Formulation of the national budget for FY21 is currently underway. Several considerations need to be put on the table before setting the fiscal strategies in the budget planning. It is likely that a considerable number of the current taxpayers will lose their eligibility to pay taxes because of potential loss of income due to Covid-19-induced economic crisis. As a result, the government must have alternative plans for mobilization of resources to finance the budget deficit including broaden the tax-net. It is estimated that at least 10 million are eligible to pay the minimum tax. Current tax-GDP ratio in Bangladesh is one of the lowest in the world at around 9.0 per cent. One must be aware of the sources of finance, whether they are internal and external borrowing or higher money supply through expansionary monetary policies, and their implications for macroeconomic performance in both short and long-run.
Implementation of annual development program (ADP) would arise as another challenge for the next fiscal year. A substantial portion of the ADP, which is usually implemented in the last quarter (April-June) of fiscal years, is likely to remain unspent because of the economic inertia caused by Covid-19. Consequently, the government may face serious difficulty planning the implementation of ADP for the next fiscal year though government has already finalized the ADP of Tk 2.05 trillion for FY21. However, the amount of health expenditure in the new ADP has been modestly increased which was not at the expected level in line with emerging situation due to pandemic.
The ongoing pandemic has unveiled the weaknesses of the country’s health sector. It is high time we understood the importance of modernizing the health infrastructure, providing the health workers with appropriate training and compensation, and expanding the capacity of the healthcare programs. An effective coordination between the public and private health service providers is critical to developing an efficient national health system. It is needless to say that health spending is much lower than required in the country with less than one percent of gross domestic product (GDP) allocated for the health sector in the last fiscal year. In view of the health exigencies emanating through Covid-19, budgetary allocation for the health sector should increase to at least three percent of GDP in the next fiscal year and four percent in the following years along with enhancing the capacity of the concerned agencies to spend such expenditures. Actually, Covid-19 showed us how vulnerable our health sector is, how the health sector has been neglected over the years. We have to take lessons from this pandemic situation, which created the opportunity for drastic reforms in the health sector without any further delay. Investing in health will help increase productivity of the citizens. We have to see this from the right, constitutional perspective. Every citizen should be issued a national health card with universal health coverage under a general practitioner (GP) system available at every corner of the country. Every district level hospital should have modern health facilities including ICU having a standard equivalent to that of the Dhaka Medical College Hospital.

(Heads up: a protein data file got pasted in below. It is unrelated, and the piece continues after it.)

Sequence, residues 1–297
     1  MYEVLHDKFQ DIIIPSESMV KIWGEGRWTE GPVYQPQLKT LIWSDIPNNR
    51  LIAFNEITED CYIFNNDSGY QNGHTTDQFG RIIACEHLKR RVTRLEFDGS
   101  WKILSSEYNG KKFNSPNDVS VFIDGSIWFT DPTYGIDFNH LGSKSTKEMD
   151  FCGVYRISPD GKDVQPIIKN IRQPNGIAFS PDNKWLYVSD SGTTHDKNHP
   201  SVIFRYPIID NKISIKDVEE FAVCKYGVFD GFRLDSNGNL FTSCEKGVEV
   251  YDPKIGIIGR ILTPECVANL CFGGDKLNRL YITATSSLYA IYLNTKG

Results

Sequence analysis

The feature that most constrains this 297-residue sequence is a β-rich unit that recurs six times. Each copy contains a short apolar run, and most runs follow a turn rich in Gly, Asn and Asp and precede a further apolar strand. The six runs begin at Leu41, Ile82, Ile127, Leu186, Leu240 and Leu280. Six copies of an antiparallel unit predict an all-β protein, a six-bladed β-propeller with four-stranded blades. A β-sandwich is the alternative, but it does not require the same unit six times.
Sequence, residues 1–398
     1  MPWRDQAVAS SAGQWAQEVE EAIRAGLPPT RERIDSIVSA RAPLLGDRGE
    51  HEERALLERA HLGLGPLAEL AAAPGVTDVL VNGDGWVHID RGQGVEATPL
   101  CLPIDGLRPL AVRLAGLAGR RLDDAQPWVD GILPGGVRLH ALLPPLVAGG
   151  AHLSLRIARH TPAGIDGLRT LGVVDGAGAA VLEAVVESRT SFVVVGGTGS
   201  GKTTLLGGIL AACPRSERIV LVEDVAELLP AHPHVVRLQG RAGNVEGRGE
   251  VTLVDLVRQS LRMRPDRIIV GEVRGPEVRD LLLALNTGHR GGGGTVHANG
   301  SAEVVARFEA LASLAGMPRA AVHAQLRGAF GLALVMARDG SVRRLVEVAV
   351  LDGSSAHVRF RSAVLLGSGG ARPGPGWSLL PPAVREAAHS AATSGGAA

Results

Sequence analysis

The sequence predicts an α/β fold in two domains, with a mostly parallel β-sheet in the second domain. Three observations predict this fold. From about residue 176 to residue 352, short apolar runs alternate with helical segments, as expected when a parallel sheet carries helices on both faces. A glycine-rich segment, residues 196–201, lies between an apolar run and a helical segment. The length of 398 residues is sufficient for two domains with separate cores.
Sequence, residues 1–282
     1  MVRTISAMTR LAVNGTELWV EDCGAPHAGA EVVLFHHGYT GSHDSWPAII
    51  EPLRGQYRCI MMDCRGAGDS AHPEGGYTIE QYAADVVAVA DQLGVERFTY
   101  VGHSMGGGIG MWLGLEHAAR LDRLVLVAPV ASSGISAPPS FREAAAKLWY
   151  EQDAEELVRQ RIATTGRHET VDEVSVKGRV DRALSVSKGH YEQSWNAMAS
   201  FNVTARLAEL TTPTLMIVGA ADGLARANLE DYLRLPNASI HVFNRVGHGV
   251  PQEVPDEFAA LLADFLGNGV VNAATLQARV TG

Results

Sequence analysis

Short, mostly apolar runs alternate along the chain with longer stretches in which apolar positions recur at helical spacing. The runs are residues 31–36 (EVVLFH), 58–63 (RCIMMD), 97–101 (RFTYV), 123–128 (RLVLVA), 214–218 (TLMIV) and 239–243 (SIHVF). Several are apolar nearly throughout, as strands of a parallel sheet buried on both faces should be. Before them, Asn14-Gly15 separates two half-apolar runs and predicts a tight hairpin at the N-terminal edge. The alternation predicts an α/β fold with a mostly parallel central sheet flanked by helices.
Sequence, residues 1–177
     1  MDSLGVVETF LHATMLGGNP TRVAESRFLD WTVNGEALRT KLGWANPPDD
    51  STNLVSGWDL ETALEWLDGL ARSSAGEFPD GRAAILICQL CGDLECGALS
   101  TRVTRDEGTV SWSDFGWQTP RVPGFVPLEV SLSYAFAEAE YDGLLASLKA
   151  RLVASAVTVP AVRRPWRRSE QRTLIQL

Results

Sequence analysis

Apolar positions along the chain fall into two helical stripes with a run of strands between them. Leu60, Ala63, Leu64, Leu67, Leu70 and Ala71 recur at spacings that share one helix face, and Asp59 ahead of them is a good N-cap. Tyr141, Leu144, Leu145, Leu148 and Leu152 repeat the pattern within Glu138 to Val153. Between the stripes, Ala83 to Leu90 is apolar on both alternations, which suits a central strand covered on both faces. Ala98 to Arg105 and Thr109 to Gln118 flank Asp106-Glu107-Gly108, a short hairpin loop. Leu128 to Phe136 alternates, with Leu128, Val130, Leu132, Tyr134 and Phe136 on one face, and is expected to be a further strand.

Budgetary priorities must also be set for the agriculture sector and social security. Food security has emerged as one of the most important national policy agendas across the globe since international trade has slowed down because of the border shutdowns. It is, therefore, important that the government puts particular emphasis on strengthening the production and distribution channels of agriculture so that the farmers are protected against economic shocks while the consumers are provided with an adequate supply of foods. Policies of providing subsidies and interest-free loans for the farmers should be prioritized in the development strategies as well. Besides, the government has to streamline its policy guidelines for small and medium enterprises (SMEs) covering both formal and informal SMEs who have been severely affected by the pandemic so that they can meet the rising demands for SME goods in the local market. It is also expected that the government will spend at least 4.0 per cent of GDP in FY21for social security by expanding its coverage and increasing the amount of money for each program both in rural and urban areas with particular emphasis on the urban poor.
It can be said that the “lockdown” strategy is only a short-term approach to dealing with the raging pandemic. People must return to the issue of livelihoods by taking protective measures against the threat of Covid-19. Public awareness about health issues is particularly important. We have to protect ourselves and help the government in this regard. We need to follow the guidelines set by the government. The government needs to facilitate this return to the business-as-usual state of the economy by adopting appropriate and timely plans and policy guidelines.
Dr. M. Abu Eusuf is an economist and Professor, Department of Development Studies, University of Dhaka and Executive Director, Research and Policy Integration for Development (RAPID).